I suppose we all agree that the NCAA is terrible. The organization does so many wretched things in the name of protecting academics and amateurism in college sports that it's hard to keep track. (If you remained unconvinced after this latest mess at Miami, where the NCAA's half-assed shadiness would have embarrassed the Nixon administration, you're probably hopeless.) But this latest debacle, with Minnesota wrestler Joel Bauman, makes us especially sour.
A precis of his case: Bauman is the singer you see in that video up there. For your own sake, we recommend watching the video for no more than 15 seconds, unless you adore AutoTune. He is, also—or was—a redshirt sophomore wrestler for the Minnesota Golden Gophers. Why will he soon lose his scholarship and his eligibility? Because of that song, of course. The NCAA has a rule that prohibits athletes from profiting from their likenesses while they're in school. But Bauman's YouTube video urges the viewer to download his song from iTunes. He also hopes to do motivational speaking. Although Bauman tells Sports Illustrated that he hasn't yet broken even on his extracurricular activities, his plan to get a few cents here and there to subsidize his gospel-spreading has jeopardized his student-athlete standing.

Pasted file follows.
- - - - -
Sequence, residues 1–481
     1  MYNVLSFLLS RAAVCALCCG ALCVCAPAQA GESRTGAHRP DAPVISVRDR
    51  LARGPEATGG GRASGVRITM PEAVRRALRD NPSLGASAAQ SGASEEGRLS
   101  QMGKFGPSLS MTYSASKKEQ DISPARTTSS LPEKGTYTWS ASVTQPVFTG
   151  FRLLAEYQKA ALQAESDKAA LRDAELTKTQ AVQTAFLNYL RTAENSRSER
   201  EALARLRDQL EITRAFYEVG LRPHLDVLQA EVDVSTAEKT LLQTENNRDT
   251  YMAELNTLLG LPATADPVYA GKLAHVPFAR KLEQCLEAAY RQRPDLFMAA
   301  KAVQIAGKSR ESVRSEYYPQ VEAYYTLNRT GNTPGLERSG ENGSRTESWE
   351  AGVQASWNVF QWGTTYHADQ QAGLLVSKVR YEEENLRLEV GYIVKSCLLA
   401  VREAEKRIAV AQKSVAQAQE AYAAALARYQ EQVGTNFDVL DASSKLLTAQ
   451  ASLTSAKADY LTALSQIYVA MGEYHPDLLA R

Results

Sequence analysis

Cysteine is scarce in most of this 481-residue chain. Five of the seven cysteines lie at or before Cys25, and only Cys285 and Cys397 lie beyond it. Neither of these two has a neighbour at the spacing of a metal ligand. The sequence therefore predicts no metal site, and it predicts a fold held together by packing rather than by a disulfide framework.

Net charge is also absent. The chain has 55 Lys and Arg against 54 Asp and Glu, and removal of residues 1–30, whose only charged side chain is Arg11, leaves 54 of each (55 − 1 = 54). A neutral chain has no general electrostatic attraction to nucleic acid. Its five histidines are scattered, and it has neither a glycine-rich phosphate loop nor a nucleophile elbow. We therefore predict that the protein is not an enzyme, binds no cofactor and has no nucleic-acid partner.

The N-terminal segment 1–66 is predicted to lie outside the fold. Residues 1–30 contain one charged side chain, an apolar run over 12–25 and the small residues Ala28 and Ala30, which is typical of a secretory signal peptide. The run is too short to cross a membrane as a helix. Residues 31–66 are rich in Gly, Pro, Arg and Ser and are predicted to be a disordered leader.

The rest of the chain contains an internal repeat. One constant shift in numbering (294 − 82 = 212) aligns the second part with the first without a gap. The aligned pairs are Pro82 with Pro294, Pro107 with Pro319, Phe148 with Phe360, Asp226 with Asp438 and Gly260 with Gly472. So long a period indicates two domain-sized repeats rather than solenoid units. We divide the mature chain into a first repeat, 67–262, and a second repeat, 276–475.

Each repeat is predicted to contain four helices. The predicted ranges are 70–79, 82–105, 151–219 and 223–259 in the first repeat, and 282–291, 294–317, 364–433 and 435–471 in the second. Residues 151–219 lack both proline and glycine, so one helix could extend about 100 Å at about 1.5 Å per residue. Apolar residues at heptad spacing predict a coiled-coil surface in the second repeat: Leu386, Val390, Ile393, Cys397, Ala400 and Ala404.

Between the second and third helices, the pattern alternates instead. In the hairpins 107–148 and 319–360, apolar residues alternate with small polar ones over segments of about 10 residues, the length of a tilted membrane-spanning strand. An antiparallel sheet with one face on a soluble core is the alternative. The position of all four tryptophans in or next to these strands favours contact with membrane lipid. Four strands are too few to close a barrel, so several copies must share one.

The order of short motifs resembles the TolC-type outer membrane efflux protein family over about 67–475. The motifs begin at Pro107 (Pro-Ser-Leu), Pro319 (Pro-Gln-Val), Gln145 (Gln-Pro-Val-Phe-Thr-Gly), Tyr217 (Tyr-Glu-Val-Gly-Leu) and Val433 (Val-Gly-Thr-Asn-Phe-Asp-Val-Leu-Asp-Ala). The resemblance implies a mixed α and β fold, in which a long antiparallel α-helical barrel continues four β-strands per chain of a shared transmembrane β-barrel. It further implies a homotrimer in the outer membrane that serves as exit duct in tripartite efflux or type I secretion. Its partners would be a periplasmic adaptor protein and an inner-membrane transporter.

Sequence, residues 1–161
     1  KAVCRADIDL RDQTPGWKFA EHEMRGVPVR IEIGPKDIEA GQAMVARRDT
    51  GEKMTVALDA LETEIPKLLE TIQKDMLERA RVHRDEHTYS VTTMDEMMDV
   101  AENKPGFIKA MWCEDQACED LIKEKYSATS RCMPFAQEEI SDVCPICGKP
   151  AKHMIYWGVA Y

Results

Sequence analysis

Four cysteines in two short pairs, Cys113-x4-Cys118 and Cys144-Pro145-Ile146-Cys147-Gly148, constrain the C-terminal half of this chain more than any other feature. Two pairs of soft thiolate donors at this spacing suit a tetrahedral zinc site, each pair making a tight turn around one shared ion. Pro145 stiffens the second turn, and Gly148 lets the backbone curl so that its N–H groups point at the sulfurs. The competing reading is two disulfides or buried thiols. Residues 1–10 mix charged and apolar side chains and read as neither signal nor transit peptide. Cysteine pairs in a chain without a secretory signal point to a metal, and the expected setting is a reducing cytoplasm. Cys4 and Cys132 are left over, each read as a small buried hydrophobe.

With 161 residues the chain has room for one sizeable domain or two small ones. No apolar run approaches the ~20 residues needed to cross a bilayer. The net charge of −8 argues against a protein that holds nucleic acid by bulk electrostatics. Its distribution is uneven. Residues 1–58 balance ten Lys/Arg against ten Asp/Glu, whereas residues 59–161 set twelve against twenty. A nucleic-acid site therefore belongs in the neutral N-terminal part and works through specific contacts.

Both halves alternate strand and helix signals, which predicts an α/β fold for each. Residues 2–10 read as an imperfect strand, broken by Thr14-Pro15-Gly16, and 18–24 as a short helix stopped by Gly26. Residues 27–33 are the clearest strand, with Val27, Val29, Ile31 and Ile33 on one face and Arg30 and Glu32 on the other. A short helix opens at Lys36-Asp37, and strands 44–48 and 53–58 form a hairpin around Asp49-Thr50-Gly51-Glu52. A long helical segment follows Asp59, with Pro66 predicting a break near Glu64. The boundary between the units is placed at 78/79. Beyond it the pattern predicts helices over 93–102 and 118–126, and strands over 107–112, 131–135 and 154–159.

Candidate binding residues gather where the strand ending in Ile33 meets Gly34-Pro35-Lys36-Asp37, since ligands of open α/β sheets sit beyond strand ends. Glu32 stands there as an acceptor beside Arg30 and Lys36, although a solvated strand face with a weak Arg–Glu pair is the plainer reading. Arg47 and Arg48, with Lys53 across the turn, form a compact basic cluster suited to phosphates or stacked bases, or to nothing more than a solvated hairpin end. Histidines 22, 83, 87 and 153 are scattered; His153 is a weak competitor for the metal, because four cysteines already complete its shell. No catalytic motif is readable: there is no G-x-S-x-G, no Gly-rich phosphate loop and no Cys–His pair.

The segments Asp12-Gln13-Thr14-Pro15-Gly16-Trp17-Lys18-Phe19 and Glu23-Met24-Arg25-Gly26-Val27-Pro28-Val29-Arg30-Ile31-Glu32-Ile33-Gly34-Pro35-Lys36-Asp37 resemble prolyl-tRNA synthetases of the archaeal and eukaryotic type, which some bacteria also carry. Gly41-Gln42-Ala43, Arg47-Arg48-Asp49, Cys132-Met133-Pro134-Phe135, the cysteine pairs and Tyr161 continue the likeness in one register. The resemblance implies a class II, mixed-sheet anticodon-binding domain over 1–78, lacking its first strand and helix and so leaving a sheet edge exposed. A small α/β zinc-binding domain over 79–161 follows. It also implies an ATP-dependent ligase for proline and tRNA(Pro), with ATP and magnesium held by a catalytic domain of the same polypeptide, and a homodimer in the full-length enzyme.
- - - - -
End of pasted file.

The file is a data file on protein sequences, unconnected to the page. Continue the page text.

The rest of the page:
But it was Minnesota, not the NCAA, who put Bauman on notice. The school decided to sanction its own student; the people in charge of punishment didn't have to. The NCAA didn't need to pick up a phone or send an email to exact its punishment. Hell, in an interview with SI, NCAA spokesman Bob Williams gets to play the good guy:
Bob Williams, the NCAA's vice president of communications, wrote in an e-mail that Minnesota's compliance department made the interpretation and that Bauman could seek a waiver if the school chose to back him...
You don't need to have studied post-structuralist prison theory to tell you that this is a disciplinary society at its most evolved—the authority doesn't have to act; the subject instead punishes itself. This is dispiriting. For all the signs of weakness the NCAA has displayed in the past few weeks, months, years, whatever—the organization's as effective as ever.